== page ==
It’s been about five days since I left for Venice and now I’m back in Vienna with so many good memories! Although I’m going to try to mostly recreate my time spent in Venice day by day, by this point some of the events might get mixed up, but I’ll do my best!

My alarm played a tune I’ve come to hate directly into my ear at four in the morning, but I sprang out of bed ready and willing to face the day. Our flight was at nine, but Annika, Addison and I had calculated that we needed to be at the train station at six, which for me meant getting up at four. Most of my things were packed from the night before, so all I had to do was dress, eat and then I was ready to go. I walked out the apartment building with a spring in my step, but immediately had a bad feeling and checked in my backpack for my shorts. They weren’t there, so I had to make a mad dash back to my room to grab my shorts and then get to the train on time.

Like always, I worry too much about punctuality and I made it to the station before the other two, even with the added time of going back to the apartment. Getting to the airport was only a 20 minute train ride and once we got there we were able to skip checking, because we had already printed our tickets and had only carry-on luggage.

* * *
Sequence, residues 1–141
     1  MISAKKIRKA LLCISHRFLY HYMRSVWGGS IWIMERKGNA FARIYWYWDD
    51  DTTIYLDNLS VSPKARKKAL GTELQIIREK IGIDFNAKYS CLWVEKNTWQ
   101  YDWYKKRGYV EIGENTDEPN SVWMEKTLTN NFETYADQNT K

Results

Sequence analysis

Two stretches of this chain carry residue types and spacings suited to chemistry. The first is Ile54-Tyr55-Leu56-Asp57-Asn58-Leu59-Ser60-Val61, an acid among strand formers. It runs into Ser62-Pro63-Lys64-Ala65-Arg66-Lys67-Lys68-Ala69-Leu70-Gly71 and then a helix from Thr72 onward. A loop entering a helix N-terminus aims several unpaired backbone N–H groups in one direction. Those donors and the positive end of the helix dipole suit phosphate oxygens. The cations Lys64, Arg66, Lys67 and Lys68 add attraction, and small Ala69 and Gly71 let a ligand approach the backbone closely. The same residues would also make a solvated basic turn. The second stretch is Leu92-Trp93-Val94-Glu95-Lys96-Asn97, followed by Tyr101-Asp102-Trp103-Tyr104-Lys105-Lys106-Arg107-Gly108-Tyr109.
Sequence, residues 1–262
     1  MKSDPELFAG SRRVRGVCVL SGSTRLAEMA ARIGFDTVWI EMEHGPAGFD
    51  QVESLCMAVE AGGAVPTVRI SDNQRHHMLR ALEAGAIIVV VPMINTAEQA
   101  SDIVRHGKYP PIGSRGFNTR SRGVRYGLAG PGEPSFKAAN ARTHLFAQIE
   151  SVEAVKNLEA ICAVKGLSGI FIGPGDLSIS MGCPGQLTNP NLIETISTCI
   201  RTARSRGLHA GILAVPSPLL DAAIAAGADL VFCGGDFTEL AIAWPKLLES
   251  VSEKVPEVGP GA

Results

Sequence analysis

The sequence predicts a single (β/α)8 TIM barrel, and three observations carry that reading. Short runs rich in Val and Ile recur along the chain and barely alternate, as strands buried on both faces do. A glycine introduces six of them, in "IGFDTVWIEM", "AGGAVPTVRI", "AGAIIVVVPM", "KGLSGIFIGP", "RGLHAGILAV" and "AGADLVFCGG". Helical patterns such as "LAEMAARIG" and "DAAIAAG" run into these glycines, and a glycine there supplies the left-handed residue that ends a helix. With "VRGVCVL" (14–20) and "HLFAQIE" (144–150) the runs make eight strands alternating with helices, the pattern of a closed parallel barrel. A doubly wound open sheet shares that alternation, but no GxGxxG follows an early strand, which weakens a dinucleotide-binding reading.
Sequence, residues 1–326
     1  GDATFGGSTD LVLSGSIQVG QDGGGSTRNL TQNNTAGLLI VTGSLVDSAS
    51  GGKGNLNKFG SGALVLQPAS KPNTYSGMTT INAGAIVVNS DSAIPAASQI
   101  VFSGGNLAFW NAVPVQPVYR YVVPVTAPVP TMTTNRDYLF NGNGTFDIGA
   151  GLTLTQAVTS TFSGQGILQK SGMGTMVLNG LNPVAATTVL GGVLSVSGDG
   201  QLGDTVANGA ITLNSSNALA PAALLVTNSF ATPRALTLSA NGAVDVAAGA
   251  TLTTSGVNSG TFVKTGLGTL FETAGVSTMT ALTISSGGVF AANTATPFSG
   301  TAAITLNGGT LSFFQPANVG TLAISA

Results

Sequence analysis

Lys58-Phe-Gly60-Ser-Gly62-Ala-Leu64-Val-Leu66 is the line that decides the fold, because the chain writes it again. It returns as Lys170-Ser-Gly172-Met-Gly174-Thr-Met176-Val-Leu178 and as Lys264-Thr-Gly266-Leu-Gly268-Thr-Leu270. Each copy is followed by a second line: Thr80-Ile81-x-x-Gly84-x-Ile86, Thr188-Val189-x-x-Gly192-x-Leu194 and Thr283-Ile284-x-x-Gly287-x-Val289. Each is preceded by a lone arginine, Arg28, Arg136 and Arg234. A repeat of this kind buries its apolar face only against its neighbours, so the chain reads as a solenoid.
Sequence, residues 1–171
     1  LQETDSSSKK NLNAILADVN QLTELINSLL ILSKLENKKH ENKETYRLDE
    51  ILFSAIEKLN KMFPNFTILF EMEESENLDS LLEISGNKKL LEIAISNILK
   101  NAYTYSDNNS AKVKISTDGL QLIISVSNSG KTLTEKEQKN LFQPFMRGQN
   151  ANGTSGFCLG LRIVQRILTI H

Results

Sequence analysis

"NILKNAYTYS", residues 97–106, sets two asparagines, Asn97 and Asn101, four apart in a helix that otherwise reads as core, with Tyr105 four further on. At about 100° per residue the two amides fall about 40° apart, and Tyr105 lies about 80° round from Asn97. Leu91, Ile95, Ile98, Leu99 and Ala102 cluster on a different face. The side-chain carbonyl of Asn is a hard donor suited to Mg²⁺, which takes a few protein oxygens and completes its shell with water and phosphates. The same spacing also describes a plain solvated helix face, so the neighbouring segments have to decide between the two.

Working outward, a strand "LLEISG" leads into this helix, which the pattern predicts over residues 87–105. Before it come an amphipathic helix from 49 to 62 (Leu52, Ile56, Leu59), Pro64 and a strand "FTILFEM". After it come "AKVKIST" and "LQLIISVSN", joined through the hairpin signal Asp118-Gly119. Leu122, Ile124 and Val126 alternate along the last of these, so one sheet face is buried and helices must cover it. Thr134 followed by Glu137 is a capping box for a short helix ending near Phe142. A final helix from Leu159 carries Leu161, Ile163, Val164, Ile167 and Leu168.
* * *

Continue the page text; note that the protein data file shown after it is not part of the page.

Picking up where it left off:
Once we were on the plane we were informed that we would be getting drinks and food once the plane leveled out. Annika and I both looked at each other in shock. We couldn’t even remember the last time we were served food on a plane, let alone for a 55 minute flight. None of us believed that the food was free until the stewardess handed us a pastry. It was delicious and made the time pass quickly! I strongly recommend flying with Austrian Airlines if you get the chance, they were kind and had great service even though we were on the plane for such a short time.

When we came into Italy it was cloudy and we really didn’t have much hope for the weekend, the forecast having said Venice would be rainy with the possibility of thunderstorms. However, outside the airport it was only a bit humid and although the sun wasn’t shining there was no rain. From the airport we traveled by bus to Venice. As soon as we stepped off the bus we all immediately started taking pictures in excitement and instead of taking a water bus, or vaporetto in Italian, we decided to take our time and walk through the city to our apartment.

Immediately I noticed how crowded it was. Tourists had come out in droves to visit Venice and it was no small feat traveling through the small narrow streets with our huge bags. Not only where there hundreds of tourists walking down the street, but there were also hundreds of stalls and small shops set up along the walkways. In general these shops consisted of three things, masks, handbags, and the general tourist items such as trinkets, shirts and postcards.

*Below are Carnival or Carnevale masks. There were about a million of these masks lining the streets ranging from the cheap plastic kind to the more expensive paper mache ones. Anyone could buy the masks from a vendor out on the street or there were more extravagant masks being sold in some of the nicer and more permanent shops. The masks below are some of the less complicated ones I saw!